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VARIABLES MEASUREMENT
VIEWPOINT
Categorical Variables
Measured on nominal scales
Two types

Dichotomous

Variables

Vary in only two values.


E.g. alive or dead, day or night etc.

Polytomous

Variables

More than two categories


E.g. Religion Muslim, Christian, Jew

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VARIABLES MEASUREMENT
VIEWPOINT
Continuous Variables
Continuity in measurement take any value on
the scale on which they are measured
E.g. age, income etc.

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Hypothesis

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HYPOTHESIS

Hypothesis
Brings

clarity, specificity and focus to research problem

Possible to conduct a study without hypothesis as


well
Hypothesis how to construct
Arise

from hunches or educated guesses

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HYPOTHESIS - EXAMPLES

Betting on a horse race


Hunch

Horse#6 will win


Hunch is true or false Only after the race

Distribution of smokers
Hunch

more male smokers at your workplace than


female smokers
Test the hunch ask them
Conclude hunch was right or wrong

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HYPOTHESIS - EXAMPLES

Public health
A

disease is very common in people coming


from a specific sub-group of population
To find every possible cause enormous
time and resources
Narrow down based on your study identify
the most probable cause e.g. contaminated
water
Perform a study collect information to
verify your hunch
Verificiation hunch correct or not
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HYPOTHESIS - EXAMPLES

In example 1
Waited

for event to take place

In example 2 & 3
Designed

a study to test the validity of your hunch

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HYPOTHESIS
Researcher does not know about a phenomenon,
situation or a condition
But does have a hunch, assumption or guess
Conclude through verification
Hunch may be

Right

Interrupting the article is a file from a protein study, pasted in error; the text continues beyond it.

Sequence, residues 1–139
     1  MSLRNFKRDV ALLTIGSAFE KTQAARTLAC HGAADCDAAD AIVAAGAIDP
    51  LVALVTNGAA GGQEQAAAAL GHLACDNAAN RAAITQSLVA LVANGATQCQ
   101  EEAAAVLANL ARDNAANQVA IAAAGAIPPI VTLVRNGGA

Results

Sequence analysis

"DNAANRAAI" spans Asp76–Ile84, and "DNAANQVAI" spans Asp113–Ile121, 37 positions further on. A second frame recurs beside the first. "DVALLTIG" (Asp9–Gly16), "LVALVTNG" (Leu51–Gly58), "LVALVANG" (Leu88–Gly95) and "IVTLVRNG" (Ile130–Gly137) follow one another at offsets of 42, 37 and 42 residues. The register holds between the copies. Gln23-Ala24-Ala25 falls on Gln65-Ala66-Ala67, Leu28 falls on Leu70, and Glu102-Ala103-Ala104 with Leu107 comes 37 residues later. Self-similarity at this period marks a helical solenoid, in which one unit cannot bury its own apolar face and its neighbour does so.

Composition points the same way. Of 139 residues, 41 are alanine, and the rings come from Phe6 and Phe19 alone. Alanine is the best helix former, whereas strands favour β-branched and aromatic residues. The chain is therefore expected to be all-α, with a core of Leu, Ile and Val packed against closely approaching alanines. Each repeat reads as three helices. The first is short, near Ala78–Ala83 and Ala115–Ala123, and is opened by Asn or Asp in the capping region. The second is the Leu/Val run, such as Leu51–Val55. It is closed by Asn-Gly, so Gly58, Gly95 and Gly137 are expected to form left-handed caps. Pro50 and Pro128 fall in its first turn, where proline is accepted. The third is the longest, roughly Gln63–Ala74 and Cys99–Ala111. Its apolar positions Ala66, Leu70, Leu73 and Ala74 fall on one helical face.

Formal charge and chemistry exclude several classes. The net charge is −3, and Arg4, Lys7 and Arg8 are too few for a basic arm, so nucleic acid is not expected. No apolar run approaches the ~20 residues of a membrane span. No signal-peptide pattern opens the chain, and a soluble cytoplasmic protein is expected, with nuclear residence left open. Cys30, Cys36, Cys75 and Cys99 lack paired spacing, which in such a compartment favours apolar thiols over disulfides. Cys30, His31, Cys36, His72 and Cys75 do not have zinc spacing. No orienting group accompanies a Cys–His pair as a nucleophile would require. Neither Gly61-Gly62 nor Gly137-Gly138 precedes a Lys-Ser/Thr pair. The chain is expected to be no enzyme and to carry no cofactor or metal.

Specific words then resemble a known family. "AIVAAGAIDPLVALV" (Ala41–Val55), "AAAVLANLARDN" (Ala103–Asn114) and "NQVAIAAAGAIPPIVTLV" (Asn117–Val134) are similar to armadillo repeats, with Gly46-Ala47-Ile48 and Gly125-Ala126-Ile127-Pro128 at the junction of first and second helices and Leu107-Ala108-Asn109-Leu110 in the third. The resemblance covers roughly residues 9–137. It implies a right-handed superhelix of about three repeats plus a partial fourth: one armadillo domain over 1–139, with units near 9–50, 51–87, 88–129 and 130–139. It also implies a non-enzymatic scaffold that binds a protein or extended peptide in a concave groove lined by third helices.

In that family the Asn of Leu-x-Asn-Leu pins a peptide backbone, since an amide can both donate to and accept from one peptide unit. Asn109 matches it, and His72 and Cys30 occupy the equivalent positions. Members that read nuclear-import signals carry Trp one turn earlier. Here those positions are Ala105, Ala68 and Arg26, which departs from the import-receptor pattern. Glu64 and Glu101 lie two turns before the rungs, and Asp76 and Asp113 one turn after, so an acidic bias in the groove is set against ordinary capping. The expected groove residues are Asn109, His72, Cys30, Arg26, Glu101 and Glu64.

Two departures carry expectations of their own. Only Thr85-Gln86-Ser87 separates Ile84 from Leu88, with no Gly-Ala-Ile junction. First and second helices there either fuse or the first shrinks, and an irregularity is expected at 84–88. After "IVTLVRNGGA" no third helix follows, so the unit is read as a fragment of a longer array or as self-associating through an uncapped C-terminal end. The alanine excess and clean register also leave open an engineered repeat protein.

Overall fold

Wrong

Partially

right

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HYPOTHESIS - DEFINITIONS

A tentative statement about something, the


validity of which is usually unknown
A proposition that is stated in a testable form
and that predicts a particular relationship
between two or more variables.
A hypothesis is written in such a way that it can
be proven or disproven by valid and reliable data
it is in order to obtain these data that we
perform our study.

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HYPOTHESIS - CONSIDERATIONS

A hyothesis should be simple, specific and


clear
No

ambiguity in the hypothesis makes verification


difficult
Unidimensional should test one relationship at a
time
Must be familiair with the subject area (literature
review) before suggesting the hypothesis

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HYPOTHESIS - CONSIDERATIONS
The average age of male students in the
class is higher than that of female students
Clear
Specific
Testable

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HYPOTHESIS - CONSIDERATIONS
Suicide rates vary inversely with social
cohesion
Clear
Specific
Testable?

Difficult

What is social cohesion, how to measure it.

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HYPOTHESIS - CONSIDERATIONS

A hypothesis should be capable of verification


Data

collection and analysis


Hypothesis cannot be tested?
May forumulate hypothesis for which methods of
verification not available

You may end up developing a technique

A hypothesis should be operationalisable


Expressed